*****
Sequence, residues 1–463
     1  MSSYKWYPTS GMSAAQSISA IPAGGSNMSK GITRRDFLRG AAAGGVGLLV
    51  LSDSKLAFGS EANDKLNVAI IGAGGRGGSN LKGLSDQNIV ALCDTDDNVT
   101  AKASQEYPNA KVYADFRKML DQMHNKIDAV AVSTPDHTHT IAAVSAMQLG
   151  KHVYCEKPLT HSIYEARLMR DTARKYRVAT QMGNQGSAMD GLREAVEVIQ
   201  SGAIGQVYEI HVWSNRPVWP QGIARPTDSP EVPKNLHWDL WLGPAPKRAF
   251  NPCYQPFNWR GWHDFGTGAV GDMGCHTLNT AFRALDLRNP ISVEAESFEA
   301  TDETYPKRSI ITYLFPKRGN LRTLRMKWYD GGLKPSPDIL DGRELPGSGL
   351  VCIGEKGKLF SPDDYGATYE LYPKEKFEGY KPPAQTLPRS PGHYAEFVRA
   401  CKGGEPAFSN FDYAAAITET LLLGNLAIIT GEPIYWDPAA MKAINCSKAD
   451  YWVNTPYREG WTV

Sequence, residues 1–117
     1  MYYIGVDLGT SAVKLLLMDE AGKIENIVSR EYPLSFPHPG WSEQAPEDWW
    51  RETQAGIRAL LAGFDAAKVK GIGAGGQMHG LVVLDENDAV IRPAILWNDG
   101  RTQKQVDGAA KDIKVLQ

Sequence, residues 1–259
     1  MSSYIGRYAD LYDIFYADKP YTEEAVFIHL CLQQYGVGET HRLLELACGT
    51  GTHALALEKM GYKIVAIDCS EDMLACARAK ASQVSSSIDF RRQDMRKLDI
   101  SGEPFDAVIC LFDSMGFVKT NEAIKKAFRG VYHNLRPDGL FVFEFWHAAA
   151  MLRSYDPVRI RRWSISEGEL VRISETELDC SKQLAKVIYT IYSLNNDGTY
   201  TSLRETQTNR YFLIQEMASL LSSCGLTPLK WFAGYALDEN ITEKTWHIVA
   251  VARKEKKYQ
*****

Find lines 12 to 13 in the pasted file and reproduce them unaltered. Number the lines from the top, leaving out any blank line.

Sequence, residues 1–117
     1  MYYIGVDLGT SAVKLLLMDE AGKIENIVSR EYPLSFPHPG WSEQAPEDWW